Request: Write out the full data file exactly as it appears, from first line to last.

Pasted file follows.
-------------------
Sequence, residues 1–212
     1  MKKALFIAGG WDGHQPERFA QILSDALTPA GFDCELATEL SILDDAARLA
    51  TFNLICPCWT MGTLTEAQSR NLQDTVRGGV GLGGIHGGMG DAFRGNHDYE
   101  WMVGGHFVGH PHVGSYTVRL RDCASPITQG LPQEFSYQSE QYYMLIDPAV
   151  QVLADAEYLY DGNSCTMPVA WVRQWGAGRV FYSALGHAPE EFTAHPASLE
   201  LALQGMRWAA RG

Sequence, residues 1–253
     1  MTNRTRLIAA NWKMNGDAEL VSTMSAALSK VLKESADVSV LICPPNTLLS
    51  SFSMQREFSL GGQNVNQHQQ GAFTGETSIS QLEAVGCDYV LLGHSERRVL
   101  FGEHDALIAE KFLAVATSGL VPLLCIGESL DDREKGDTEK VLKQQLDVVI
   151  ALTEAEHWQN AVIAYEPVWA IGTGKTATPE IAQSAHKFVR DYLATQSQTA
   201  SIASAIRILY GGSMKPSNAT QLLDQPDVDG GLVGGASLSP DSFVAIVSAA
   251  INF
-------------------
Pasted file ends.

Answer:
Sequence, residues 1–212
     1  MKKALFIAGG WDGHQPERFA QILSDALTPA GFDCELATEL SILDDAARLA
    51  TFNLICPCWT MGTLTEAQSR NLQDTVRGGV GLGGIHGGMG DAFRGNHDYE
   101  WMVGGHFVGH PHVGSYTVRL RDCASPITQG LPQEFSYQSE QYYMLIDPAV
   151  QVLADAEYLY DGNSCTMPVA WVRQWGAGRV FYSALGHAPE EFTAHPASLE
   201  LALQGMRWAA RG

Sequence, residues 1–253
     1  MTNRTRLIAA NWKMNGDAEL VSTMSAALSK VLKESADVSV LICPPNTLLS
    51  SFSMQREFSL GGQNVNQHQQ GAFTGETSIS QLEAVGCDYV LLGHSERRVL
   101  FGEHDALIAE KFLAVATSGL VPLLCIGESL DDREKGDTEK VLKQQLDVVI
   151  ALTEAEHWQN AVIAYEPVWA IGTGKTATPE IAQSAHKFVR DYLATQSQTA
   201  SIASAIRILY GGSMKPSNAT QLLDQPDVDG GLVGGASLSP DSFVAIVSAA
   251  INF